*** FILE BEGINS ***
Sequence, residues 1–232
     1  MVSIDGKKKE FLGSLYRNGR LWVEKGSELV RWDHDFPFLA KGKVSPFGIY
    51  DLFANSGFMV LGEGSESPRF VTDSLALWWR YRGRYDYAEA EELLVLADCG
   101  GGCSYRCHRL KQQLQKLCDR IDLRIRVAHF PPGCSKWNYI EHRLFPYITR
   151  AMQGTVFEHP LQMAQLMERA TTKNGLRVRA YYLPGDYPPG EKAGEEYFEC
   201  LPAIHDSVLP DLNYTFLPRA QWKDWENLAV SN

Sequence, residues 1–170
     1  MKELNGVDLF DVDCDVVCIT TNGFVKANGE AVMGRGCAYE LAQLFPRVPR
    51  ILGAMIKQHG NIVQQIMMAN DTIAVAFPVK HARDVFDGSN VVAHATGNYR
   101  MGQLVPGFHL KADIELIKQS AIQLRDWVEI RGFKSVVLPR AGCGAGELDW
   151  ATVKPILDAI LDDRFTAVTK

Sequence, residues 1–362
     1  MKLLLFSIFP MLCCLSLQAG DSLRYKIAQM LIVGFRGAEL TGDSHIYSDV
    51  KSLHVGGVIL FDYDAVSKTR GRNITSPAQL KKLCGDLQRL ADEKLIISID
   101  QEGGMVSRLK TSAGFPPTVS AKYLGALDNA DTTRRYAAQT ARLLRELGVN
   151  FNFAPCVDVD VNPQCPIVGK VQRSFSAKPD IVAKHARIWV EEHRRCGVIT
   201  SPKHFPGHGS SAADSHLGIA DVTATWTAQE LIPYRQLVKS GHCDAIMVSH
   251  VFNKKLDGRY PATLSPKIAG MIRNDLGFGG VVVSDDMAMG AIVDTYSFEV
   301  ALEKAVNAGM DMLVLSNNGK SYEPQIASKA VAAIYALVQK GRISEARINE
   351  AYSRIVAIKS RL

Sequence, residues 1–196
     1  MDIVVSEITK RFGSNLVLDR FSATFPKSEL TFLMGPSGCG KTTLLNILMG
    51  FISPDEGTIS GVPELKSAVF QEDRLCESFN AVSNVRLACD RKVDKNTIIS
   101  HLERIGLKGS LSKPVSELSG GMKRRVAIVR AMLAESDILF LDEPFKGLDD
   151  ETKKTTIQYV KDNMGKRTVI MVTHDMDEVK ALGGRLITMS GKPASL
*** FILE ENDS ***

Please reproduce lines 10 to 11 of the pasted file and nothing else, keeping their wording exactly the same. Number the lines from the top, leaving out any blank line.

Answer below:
   101  MGQLVPGFHL KADIELIKQS AIQLRDWVEI RGFKSVVLPR AGCGAGELDW
   151  ATVKPILDAI LDDRFTAVTK